Something nets out - meaning has/results in a summary value, including various side-effects - for whatever form of value you're assigning.
Something nets out the same if the outcome is of the same value. It can also net out better or worse.
Your example is from a humorous source, so it's used tongue-in-cheek: "I worked every night for a month" yielding the same result as just coming up with the figure with minimum effort.
Let's take some more standard examples:
"Why are you shopping at the corner store instead of going to Wal-Mart? The prices are much lower!"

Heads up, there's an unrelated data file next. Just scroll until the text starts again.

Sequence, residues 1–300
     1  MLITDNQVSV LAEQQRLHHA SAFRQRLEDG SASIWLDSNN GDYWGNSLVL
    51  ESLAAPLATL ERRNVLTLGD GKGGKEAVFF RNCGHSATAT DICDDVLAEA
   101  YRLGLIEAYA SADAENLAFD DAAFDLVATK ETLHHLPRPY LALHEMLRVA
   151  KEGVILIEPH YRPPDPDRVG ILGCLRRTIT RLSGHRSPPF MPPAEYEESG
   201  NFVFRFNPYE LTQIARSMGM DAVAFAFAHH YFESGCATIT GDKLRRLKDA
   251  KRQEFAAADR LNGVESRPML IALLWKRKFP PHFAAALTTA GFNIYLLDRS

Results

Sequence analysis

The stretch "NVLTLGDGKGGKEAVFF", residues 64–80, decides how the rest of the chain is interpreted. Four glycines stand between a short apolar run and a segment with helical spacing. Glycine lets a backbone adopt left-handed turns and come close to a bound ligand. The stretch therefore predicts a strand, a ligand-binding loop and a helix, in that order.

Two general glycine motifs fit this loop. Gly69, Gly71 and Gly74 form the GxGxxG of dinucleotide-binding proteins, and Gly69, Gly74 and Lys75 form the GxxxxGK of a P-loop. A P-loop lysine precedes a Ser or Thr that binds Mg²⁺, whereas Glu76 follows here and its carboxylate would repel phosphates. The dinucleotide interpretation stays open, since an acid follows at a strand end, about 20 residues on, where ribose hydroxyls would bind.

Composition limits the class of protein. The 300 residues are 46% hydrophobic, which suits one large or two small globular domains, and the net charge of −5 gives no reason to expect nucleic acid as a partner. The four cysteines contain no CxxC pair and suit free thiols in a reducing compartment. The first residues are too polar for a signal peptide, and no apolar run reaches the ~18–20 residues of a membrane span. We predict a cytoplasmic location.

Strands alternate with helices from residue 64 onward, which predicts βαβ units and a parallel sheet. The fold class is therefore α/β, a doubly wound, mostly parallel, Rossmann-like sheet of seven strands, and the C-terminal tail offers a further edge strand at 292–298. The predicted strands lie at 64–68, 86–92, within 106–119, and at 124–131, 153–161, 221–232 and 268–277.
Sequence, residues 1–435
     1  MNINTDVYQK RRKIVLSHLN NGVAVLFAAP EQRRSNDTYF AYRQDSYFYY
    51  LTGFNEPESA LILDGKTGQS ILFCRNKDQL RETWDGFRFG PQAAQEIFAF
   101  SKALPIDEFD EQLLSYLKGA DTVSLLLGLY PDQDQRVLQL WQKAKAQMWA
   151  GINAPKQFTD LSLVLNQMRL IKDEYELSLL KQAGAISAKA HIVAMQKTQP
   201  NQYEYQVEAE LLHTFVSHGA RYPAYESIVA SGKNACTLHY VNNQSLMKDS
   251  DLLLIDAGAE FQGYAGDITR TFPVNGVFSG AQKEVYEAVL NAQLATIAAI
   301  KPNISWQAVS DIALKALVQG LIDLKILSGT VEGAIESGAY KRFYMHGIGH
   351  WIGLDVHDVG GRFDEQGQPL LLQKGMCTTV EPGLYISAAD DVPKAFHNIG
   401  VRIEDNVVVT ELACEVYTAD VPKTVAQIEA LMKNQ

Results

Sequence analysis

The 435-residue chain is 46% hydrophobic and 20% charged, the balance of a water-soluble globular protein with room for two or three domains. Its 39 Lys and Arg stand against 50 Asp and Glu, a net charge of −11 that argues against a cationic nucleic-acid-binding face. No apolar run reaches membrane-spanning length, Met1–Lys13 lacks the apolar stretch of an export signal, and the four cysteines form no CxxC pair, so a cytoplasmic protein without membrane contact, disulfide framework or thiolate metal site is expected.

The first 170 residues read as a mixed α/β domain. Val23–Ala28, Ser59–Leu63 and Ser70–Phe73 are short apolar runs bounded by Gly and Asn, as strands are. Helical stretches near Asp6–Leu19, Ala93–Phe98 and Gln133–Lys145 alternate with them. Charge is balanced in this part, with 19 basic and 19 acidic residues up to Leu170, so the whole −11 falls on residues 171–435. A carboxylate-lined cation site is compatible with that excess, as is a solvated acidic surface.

"If you count the cost of fuel and the time wasted getting there, the corner store nets out better."
If we wait for the bus now, we'll net out about the same time-wise as just walking there on foot, and that's assuming the bus won't be delayed.
And something counter-intuitive:
The device, the user manuals, cables, inner packaging, outer packaging, pallet and securing straps will net out over thirty kilograms, and that pushes us into 'cargo package' territory.
The expression to net out comes directly from net weight:
Actual, computed, or estimated weight of a good without its container and/or packaging. Gross weight less tare weight equals net weight.
...which in this case means something exactly opposite!